Imperial Brands: Mechanical Animal
“We have a healthy respect for our competitors and their own ability to innovate. But we are building a track record that gives us more confidence that we are now a more resilient, more agile business than we were in the past. And as we look at our pipeline of transformation initiatives, there’s more upside to come. And this future upside is an important part of our investment case. We are building a stronger tobacco business.” - Stefan Bomhard, Imperial Brands CEO, FY’23 Call
Imperial Brands is years behind in the race for next-generation products. Now, citing a myriad of reasons, declines in its tobacco volumes have appeared to accelerate. Adding fuel to the fire, NGP operating losses grew year over year for FY’23. Despite all of this, I find myself in agreement with the CEO’s central outlook featured above.
2023 reported tobacco volumes decreased by 10.37% y/y. However, normalizing 2022 by subtracting out Russian volumes shows remaining associated volumes falling by 7.09%—meaningfully lower, albeit still substantially higher than the normalized 1.2% drop in 2022. Worthy of note, In 2023, Imperial gained incremental share in the United States, Spain, and Australia, with positive aggregate share change across priority markets.
Additionally, within the Americas reporting geography, while tobacco volumes decreased 6% y/y, 4% was attributed to mass-market cigars due to wholesale inventory movements, signifying a mere 2% drop from related cigarette volumes while the industry declined by roughly 8-8.5% for the period. The relative strength stems from the performance of discount brands—a recent headwind for Altria. Stefan Bomhard, Imperial’s CEO, touched on this dynamic during the call (emphasis added):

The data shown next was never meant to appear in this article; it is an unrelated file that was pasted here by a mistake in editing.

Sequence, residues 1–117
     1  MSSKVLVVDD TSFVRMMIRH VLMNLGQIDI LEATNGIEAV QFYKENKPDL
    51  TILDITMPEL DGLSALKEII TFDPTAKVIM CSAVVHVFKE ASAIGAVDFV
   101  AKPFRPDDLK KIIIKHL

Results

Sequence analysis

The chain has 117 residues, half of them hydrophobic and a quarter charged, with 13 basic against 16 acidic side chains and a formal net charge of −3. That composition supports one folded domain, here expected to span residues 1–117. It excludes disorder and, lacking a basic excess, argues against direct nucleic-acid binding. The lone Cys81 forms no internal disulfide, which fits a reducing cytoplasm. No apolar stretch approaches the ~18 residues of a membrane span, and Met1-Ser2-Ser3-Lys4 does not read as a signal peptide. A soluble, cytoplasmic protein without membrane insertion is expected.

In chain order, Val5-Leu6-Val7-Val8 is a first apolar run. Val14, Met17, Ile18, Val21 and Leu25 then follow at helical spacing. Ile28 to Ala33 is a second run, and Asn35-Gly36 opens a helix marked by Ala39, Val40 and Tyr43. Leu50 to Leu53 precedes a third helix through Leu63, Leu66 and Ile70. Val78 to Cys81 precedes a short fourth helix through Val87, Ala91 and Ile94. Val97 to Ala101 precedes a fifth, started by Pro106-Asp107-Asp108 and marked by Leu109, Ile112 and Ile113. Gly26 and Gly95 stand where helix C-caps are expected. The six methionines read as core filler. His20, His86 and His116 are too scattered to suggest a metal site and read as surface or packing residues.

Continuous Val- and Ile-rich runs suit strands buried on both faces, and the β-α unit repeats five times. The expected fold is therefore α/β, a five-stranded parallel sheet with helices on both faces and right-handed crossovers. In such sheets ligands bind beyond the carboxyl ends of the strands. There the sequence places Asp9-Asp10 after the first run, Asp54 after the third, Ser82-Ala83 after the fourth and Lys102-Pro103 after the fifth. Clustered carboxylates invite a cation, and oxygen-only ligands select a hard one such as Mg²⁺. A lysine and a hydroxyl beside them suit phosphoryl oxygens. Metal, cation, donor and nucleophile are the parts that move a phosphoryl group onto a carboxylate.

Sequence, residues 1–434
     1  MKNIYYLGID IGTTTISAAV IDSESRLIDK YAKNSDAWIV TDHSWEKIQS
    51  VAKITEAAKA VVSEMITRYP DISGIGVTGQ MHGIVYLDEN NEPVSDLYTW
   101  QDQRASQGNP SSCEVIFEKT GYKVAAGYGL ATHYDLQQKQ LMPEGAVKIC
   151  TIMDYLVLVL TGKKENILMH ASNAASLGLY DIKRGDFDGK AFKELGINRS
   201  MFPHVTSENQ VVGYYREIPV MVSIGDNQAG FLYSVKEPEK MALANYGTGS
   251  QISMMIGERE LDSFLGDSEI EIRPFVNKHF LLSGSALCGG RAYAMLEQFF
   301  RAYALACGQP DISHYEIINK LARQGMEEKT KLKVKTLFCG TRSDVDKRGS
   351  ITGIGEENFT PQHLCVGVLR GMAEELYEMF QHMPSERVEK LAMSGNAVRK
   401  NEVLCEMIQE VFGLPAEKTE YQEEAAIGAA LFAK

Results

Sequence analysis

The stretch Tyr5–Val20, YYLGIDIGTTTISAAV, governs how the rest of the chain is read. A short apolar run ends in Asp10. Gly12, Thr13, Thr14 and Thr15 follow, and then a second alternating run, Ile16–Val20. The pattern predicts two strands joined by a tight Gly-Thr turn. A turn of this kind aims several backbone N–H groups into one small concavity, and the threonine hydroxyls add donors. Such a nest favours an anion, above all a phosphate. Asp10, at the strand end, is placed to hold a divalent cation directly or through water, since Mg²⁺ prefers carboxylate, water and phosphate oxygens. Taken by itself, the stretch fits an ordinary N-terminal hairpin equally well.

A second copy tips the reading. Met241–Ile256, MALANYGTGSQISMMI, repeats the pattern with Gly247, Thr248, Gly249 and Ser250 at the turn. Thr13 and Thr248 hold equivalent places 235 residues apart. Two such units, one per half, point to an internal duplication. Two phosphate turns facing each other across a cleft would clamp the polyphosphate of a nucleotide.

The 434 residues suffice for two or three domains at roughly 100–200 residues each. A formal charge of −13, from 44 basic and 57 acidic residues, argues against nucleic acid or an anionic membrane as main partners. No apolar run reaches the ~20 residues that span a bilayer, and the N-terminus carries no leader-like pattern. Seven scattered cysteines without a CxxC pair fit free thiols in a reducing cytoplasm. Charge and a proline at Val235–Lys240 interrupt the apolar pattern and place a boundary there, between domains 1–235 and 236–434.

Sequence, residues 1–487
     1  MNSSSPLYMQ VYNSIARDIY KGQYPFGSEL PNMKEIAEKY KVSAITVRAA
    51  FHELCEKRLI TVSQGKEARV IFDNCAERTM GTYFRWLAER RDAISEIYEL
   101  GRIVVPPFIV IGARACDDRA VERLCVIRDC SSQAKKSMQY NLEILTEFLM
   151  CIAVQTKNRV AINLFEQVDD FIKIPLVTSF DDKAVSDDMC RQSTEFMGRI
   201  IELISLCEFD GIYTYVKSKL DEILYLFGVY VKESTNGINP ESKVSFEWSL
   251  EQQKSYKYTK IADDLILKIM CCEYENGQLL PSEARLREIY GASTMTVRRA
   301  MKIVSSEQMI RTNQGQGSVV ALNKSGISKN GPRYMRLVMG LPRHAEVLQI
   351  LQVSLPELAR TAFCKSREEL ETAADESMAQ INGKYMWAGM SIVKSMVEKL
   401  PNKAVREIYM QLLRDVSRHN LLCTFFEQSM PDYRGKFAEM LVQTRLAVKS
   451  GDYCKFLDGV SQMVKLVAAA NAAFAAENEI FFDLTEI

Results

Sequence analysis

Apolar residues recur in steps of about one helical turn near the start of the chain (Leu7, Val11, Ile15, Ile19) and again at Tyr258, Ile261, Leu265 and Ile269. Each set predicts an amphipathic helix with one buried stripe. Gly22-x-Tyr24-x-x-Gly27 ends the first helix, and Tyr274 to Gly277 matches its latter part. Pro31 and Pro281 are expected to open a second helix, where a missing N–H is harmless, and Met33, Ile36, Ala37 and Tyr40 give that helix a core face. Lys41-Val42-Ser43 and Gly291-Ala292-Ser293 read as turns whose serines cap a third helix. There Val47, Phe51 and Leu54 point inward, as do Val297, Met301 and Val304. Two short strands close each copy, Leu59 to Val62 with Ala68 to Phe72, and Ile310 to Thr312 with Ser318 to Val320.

I feel very confident in our delivery in the year, and you've seen about a lot of the upper levers that we are pulling at this point in time. And I think I come back to the point the question asked before about one of the benefits we have at Imperial is that we have a brand at every single price point in the marketplace in every one of our top 5 markets. So we are in a position to serve our consumers at every single price point. And I think that is a differentiated competitive advantage in today's world.
One would be wrong to focus on volumes or share without offering the context of pricing, which in 2023 was double digits across all reporting geographies, driving positive net revenues and adj. operating income across the board. Additionally, the positive performance of Logista drove associated distribution income higher, reflected in the total below.